A growing body of evidence shows that periodontal disease is associated with negative systemic health consequences for patients with certain diseases and conditions.
To determine the effects of periodontal disease therapy on medical costs and hospitalizations among patients with five systemic conditions, University of Pennsylvania researchers conducted a retrospective study to see if such treatment might prevent or mitigate some of the adverse effects associated with the conditions.
They found significant reductions in both healthcare costs and hospital admissions for pregnant women and patients with type 2 diabetes, coronary artery disease, and cerebral vascular disease who had been treated for periodontal disease, according to a new study in the American Journal of Preventive Medicine (June 18, 2014).
The biggest impact was among pregnant women who received treatment. Their medical costs were 74% lower than those with untreated periodontal disease. Patients with diabetes (40.2%) or cerebral vascular disease (40.9%) had significantly lower medical costs. For those with coronary artery disease, costs were 10.7% lower with treatments.
Periodontal disease is believed to impact systemic health via the dissemination of bacteria. The deep pockets often present in patients with periodontal disease offer a favorable environment for the proliferation of pathogenic plaque bacteria and facilitate the entry of bacteria and bacterial products into the bloodstream of otherwise healthy patients via ulcerated and inflamed tissues. Studies have also linked periodontal disease with premature birth in pregnant women.
Treatment of periodontal disease can be as simple as cleaning the teeth above and below the gum line with scaling and root planing) or surgery in more advanced cases.
The study researchers analyzed the medical and dental insurance records of 338,891 patients with periodontal disease from 2005 to 2009 who were pregnant or had been diagnosed with one of four conditions: type 2 diabetes, coronary artery disease, cerebral vascular disease, and rheumatoid arthritis. They compared patients who had at least four periodontal treatments in 2005, while the other patients were untreated.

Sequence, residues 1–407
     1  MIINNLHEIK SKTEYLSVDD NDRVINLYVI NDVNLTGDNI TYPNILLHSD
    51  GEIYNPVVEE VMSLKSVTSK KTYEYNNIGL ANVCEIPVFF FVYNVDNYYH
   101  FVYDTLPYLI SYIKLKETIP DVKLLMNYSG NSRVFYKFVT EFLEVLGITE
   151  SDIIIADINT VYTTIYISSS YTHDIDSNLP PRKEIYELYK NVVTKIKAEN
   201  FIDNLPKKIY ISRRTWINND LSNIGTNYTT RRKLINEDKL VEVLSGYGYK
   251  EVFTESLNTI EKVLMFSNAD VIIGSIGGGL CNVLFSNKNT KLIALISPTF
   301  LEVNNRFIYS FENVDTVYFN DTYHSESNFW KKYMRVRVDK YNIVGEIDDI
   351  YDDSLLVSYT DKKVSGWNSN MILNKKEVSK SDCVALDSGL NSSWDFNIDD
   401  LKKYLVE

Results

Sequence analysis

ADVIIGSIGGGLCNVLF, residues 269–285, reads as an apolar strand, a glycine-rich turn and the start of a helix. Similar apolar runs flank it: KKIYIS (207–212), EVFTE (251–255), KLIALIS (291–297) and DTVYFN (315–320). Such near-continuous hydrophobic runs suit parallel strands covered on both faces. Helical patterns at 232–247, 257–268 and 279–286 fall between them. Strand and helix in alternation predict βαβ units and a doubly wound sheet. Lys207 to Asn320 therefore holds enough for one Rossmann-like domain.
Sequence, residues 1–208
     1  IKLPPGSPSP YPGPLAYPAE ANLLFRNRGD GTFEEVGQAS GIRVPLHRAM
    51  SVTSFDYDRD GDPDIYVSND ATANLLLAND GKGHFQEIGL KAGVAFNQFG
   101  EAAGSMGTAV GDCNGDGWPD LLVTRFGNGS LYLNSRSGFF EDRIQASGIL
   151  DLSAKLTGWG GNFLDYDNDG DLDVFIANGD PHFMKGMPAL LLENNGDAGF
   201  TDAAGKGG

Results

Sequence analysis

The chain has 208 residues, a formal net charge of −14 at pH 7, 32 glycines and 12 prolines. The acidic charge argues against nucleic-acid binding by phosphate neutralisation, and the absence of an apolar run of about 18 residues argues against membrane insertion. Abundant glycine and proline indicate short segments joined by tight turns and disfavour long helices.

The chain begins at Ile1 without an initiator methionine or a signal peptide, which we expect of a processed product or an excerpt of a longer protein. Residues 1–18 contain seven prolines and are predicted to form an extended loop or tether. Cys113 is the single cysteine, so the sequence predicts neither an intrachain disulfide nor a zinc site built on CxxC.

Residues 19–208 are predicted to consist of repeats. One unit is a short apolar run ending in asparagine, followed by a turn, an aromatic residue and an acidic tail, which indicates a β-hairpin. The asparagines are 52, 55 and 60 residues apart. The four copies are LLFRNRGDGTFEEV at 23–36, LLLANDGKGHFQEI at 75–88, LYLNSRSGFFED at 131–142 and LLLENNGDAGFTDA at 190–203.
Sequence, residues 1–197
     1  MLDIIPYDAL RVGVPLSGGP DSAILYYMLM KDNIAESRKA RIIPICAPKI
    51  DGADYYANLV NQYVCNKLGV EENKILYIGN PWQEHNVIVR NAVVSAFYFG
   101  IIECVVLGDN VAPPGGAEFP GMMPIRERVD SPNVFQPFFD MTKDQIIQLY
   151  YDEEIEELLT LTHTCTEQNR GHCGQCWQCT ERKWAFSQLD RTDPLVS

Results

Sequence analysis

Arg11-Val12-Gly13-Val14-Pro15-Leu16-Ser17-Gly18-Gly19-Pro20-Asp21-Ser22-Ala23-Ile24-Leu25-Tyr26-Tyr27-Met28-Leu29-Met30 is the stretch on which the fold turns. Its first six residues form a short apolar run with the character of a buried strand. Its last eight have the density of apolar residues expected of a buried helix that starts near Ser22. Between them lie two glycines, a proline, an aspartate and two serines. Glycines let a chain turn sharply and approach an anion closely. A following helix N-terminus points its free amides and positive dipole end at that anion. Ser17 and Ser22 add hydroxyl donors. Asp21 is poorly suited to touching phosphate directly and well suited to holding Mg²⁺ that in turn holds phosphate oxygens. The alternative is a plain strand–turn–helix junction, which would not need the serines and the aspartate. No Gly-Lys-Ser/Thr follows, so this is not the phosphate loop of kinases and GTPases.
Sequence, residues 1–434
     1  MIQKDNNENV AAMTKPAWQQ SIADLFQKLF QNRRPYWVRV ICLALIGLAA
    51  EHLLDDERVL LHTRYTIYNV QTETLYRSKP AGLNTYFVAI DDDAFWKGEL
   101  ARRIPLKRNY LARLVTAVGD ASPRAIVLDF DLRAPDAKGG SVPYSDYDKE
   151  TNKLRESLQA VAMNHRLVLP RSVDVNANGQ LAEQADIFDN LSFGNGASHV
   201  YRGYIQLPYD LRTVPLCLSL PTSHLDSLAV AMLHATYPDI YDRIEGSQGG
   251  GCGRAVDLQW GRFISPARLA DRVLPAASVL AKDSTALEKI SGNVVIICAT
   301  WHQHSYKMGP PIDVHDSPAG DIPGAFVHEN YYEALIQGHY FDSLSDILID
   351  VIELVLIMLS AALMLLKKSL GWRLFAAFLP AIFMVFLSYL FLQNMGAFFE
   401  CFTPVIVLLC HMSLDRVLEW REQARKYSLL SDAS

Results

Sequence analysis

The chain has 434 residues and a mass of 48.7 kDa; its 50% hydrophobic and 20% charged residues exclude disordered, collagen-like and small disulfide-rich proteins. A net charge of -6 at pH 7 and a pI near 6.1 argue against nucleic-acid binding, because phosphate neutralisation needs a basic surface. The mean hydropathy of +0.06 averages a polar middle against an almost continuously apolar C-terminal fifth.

Some 45% of the patients were women and 55% were men, with a median age of 49 years.
The researchers found lower medical costs and hospitalizations in the time period following periodontal treatment in patients in four of the five conditions. They found no significant difference among patients with rheumatoid arthritis, an autoimmune inflammatory condition that the researchers said may account for the marked difference in outcomes.
"The statistically significant relationships reported here are strongly suggestive of an underlying biomedical link, irrespective of the mechanisms and causal chains that might drive it," they wrote.
"Clinically, it would be logical for assessment and treatment of periodontal disease to be routinely considered in the management of specific medical conditions," the study authors concluded.
The findings do not prove that treatment of active periodontal disease has a beneficial effect beyond the mouth, they noted.
"Nevertheless, simple periodontal treatment as examined here comes at modest cost and minimal risk," the study authors wrote. "Therefore, although its interventional efficacy remains open to debate, we recommend that it be considered part of the preventive armamentarium for chronic disease management."